The engineering section

IMG_20211229_124804.jpg

The woodwork and general section

IMG_20211229_124720.jpg

The indoor ( electronics ) section, excuse the blurryness, I am still getting my head round a panorama shot.

As you can see, tidyness really needs to happen, sooner rather than later, just so I can get this easily useable.

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On 26/12/2021 at 18:40, grendel said:

original, I have had it from new and bought it way back in the 80's, I have since bought some of the accessories, but didnt get the mill head, mainly because for a similar price I could get a whole mill that was more capable

My Unimat 3, although unused and under a dust sheet for many years now, has a wide range of accessories I got with it at the time.

From memory, I had various lathe related accessories - 3 and 4 jaw chucks, faceplate, tailstock chuck, live and dead centres, quick change toolpost, top slide, fixed steady, auto feed and various cutting tools, fly cutters etc

I also have the drill/mill pillar attachment, fine feed, milling table and machine vice, but without the spare motor, as well as the jigsaw table.

Many fun hours were spent using the lathe in my early teens making various things - and not just swarf. It also helped me in my Design & Technology O Level, as my school was not good with metalwork as they focussed more on woodwork. I even remember teaching my fellow pupils how to use the lathes there, because of the lack of teacher skills in the metal workshop :default_rolleyes:

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I think my next 3 projects should be to tidy up various workshop areas, the one indoors and the two halves of conservatory, but I am afraid if I do tidy up, that I will no longer be able to find things.

Bah spoke too soon, my dust extraction system started making a funny noise, I was just reaching to shut it off when poof- all the lights went out, so now two of the projects have stalled and will need restarting, meanwhile the second bin bag of clothers that I found that had been kept for well long enough have been binned. and I am starting to get to useable surfaces to pile   arrange stuff that is useful and needs keeping onto rather than just the rubbish that was there.. anyway onwards and upwards, tomorrows job, dig my way to the old vax machine that was my dust extractor- I guess I should maybe have emptied it at some stage.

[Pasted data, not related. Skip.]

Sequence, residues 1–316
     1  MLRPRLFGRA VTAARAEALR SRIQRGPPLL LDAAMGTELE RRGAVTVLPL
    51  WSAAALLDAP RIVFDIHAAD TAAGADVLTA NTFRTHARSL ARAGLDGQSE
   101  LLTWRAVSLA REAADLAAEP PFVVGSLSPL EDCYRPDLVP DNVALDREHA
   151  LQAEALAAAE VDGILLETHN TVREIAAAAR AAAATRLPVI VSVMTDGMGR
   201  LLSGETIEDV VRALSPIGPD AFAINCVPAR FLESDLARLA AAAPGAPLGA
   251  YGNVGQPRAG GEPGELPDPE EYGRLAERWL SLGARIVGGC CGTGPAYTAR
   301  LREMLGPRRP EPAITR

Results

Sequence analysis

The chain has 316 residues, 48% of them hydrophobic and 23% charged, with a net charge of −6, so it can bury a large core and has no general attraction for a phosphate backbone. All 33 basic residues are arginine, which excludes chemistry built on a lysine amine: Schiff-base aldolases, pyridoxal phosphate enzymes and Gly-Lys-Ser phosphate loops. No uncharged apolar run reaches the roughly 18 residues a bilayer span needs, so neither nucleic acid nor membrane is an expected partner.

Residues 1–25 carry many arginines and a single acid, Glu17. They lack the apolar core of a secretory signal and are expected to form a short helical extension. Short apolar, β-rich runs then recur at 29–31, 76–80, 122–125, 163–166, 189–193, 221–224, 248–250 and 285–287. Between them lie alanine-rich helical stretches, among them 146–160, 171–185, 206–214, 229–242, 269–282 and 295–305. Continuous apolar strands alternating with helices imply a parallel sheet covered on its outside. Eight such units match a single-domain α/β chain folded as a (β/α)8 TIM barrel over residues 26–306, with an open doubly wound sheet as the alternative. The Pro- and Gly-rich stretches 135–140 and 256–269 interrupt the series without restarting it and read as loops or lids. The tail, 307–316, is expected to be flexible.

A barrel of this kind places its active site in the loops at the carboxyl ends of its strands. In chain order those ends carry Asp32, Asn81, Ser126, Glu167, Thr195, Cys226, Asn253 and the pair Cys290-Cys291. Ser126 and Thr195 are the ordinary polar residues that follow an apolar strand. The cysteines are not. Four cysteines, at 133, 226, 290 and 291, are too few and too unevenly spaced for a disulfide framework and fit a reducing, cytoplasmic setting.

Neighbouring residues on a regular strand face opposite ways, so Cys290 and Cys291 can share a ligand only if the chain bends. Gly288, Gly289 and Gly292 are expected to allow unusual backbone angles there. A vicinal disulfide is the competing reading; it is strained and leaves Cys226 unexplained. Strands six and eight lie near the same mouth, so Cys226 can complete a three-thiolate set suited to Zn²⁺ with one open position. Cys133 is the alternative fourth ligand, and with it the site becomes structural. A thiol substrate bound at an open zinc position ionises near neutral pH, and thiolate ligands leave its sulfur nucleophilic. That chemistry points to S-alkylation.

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Far too tidy for any work being done.

Here's my tidy bench.20211229_164525.thumb.jpg.fc3fb555ff1ef9de1db9be7d35c56197.jpg

One of the tools I bought on the 28 Oct 1972, after the 1st 3 weeks of my apprenticeship and I had been told I was being let loose to work alone so I went out and bought a load of tools, these are all I kept when I retired 41 years later!

20211229_164441.thumb.jpg.720f19edb7525f953c7ec0fc36a92e71.jpg

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Well this is as tidy as it gets, only 2 more sections of workshop to go, however this does give me room to bring the model of broad ambition to the workbench so wiring can be done ( @broadambition ).

Amongst the debris piled up were indeed some tools, 2 small engineers squares and some drill bits, the smallest at 0.7mm

IMG_20211229_170322.jpg

IMG_20211229_170210.jpg

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whoops, tools on offer in lidls today, an electric drill, some drill bits and a ceramic heater later and I escaped, then I went to sainsburys and spotted the heavy duty version of a henry on offer, £30 off, well that will replace the old vax I blew up yesterday. really I suppose I should bite the bullet and get a proper dust extraction system, now I have the cnc router but a hoover has dual purpose and can occasionally be bought inside to hoover the house too.